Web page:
inches in length. This was a case of war's labor lost, as the Confederates left on May 3d, and McClellan's elaborate siege batteries never had a chance. battlefields was laid to the breaking of gun-carriages. The Ordnance Department, however, was able to supply the deficiencies as soon as its own plants were running, and artillery officers thereupon expressed their complete satisfaction. The field-guns were of two kinds — the 3-inch wrought-iron (10-pounder) rifle and the smooth-bore Napoleon 12-pounder. The first was made by wrapping boiler-plate around an iron bar to form a rough cylinder, welding it together, and then boring it out and shaping it up. The second was generally made of bronze, cast solid, then bored and prepared. For short ranges in rough country, the Napoleon gun was preferred to the rifle, as it carried heavier charges and the use of canister in it was more effective. The siege-guns, in which mobility was less important, were of cast iron. Owing to the l
t, first, to organizing for its defense, and, second, to taking the field in an offensive movement against the Confederates. General Scott, who had fought in two wars against foreign foes, was bowed down with age, and the tremendous energy necessary to cope with so appalling a situation had left him; so he asked to be relieved by a younger man. All Defenders of long Bridge — a battery drill The little boy on the corner is not looking at the cannoneers. Real soldiers and 12-pounder Napoleon field-guns are no novelty to him by now. He is staring at something really new in the summer of 1864--the camera. He finds the curious looking box vastly more interesting. The soldiers stationed at the Virginia end of Long Bridge were caught by the pioneer photographer at drill. They are in correct position ready for action. The duty of the soldiers with the long swabs on the right of the guns near the muzzle is to sponge them out, and to ram home the new charge. The men on the left ne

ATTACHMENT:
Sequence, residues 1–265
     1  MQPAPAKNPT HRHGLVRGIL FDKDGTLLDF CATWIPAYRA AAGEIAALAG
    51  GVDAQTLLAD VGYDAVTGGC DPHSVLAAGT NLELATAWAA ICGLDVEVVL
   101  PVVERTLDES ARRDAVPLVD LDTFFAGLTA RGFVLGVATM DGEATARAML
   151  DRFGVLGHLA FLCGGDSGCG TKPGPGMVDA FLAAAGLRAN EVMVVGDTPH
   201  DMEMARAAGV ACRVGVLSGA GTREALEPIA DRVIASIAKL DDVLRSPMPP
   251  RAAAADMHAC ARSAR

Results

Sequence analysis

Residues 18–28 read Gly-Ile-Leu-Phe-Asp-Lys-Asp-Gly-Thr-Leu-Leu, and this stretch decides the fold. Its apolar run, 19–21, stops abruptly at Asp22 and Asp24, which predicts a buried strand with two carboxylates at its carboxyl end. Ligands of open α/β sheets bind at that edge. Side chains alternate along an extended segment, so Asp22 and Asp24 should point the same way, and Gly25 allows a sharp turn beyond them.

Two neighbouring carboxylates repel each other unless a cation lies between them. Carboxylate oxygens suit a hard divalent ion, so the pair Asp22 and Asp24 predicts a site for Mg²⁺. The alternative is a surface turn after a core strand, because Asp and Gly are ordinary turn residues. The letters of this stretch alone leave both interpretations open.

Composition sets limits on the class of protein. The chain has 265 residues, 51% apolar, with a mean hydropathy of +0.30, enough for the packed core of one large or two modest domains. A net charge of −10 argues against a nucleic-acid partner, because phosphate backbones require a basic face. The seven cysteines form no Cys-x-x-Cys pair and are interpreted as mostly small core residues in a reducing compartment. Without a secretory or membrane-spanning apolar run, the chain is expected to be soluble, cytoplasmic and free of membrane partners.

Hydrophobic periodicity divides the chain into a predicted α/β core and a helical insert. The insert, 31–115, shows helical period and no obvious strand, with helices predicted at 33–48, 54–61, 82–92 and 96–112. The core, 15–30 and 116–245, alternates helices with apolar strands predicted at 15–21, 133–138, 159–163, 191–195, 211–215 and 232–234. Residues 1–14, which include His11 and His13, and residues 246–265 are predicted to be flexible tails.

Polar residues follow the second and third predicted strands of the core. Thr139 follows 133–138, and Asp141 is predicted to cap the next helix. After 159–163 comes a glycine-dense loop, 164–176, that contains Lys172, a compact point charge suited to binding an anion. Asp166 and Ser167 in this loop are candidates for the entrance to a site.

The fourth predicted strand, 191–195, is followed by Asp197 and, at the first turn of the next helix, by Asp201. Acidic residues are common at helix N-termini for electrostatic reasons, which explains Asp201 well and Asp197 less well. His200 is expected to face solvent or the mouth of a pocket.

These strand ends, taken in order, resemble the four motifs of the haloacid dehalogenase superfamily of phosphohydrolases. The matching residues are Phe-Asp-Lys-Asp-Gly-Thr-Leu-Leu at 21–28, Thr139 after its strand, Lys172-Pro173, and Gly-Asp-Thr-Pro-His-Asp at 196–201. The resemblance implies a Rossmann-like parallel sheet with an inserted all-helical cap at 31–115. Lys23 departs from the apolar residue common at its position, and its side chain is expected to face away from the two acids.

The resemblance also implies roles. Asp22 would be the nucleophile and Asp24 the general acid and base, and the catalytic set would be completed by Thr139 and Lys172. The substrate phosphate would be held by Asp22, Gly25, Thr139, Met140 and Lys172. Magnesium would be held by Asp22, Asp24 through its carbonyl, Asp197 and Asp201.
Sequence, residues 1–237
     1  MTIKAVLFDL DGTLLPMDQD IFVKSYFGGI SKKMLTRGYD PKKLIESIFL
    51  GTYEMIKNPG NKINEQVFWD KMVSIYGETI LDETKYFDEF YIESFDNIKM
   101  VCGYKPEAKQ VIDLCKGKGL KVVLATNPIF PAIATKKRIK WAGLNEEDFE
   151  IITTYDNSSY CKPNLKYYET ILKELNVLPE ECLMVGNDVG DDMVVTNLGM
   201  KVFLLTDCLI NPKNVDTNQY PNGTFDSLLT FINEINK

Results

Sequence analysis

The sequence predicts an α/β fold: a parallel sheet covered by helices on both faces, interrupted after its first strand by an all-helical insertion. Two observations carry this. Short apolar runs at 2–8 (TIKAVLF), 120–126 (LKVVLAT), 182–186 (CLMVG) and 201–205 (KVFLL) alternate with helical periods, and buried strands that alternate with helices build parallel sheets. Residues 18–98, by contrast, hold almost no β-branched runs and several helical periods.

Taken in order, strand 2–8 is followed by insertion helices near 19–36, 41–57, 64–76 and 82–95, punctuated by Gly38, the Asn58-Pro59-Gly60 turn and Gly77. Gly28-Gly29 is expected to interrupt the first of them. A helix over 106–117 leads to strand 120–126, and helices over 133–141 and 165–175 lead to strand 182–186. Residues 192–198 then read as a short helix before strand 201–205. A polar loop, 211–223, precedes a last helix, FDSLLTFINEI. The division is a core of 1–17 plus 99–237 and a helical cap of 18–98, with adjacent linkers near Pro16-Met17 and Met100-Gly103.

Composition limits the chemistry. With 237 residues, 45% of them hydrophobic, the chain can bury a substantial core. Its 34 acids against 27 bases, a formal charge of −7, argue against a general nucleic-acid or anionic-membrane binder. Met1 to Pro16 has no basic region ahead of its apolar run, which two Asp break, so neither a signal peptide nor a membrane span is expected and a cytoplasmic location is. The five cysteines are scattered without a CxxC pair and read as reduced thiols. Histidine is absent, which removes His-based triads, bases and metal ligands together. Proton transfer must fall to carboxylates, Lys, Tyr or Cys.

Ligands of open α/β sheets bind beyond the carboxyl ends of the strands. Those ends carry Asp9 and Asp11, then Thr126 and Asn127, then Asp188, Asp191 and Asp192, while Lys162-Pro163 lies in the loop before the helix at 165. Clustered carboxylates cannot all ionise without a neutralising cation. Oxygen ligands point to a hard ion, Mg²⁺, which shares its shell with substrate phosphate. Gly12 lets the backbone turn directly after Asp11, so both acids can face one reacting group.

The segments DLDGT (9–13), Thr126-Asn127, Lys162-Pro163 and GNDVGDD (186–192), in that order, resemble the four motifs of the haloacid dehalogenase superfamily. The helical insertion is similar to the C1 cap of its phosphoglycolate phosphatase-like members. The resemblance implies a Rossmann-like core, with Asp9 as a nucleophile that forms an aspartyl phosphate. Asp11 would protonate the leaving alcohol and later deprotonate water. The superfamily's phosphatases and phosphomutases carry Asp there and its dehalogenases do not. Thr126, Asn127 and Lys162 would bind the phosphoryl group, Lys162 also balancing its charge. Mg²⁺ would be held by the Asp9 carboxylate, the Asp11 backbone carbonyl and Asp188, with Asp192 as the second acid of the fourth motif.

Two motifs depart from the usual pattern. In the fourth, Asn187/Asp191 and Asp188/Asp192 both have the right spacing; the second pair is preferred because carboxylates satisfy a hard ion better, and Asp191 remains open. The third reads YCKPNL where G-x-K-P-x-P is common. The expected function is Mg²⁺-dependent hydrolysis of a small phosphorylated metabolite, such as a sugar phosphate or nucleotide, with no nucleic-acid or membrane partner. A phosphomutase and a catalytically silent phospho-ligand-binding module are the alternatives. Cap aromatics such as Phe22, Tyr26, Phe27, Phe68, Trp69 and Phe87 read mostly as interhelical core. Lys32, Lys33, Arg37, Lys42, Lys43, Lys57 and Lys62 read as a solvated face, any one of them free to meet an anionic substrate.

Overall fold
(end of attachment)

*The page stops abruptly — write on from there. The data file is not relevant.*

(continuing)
tery on the James A tripod swinging Parrott guns by the Appomattox. At Broadway landing cast-iron field-guns were successfully used. These received a reenforcement of wrought iron shrunk around the base. A considerable number of the bronze Napoleon guns were, however, retailed, and did effective service at short ranges. for heavier Ordnance cast iron was early found to be the most suitable material, and proved entirely satisfactory until the adoption of the rifled systems. The Americanthat wrought iron served the purpose best. Later forged steel proved more satisfactory for breech loaders. Light field guns — a piece of Henry's Battery, before Sumter in 1863 After the attempt on Sumter-third New York Light artillery Napoleon gun in battery no. 2, Fort Whipple: peace at the defenses of Washington The lush, waving grass beautifies this Union fort, one of the finest examples of fortification near Washington. The pieces of ordnance are in splendid condition. The me
ions had to be constructed when Camp was made or a definite position taken for defense or siege, and finally, the men doing this had always to consider the laying-aside of axe and spade, and, shouldering the musket, take their place on the firing-line, where they gave an account of themselves second to none of the combatant organizations. Such conditions of warfare were in striking contrast to those under which the great wars of Europe had been fought, for in the campaigns of Frederick, of Napoleon, and of Moltke, practically every inch of the territory was known and mapped. Military operations took place where well-built roads made travel easy; where permanent forts and walled cities were found, and fighting in swamps or on mountaintops was unknown. In short, with the formal military science of the day, the American engineers so combined characteristic ingenuity and the lessons of civil life that the progress and success of the battling ranks were made possible under conditions nev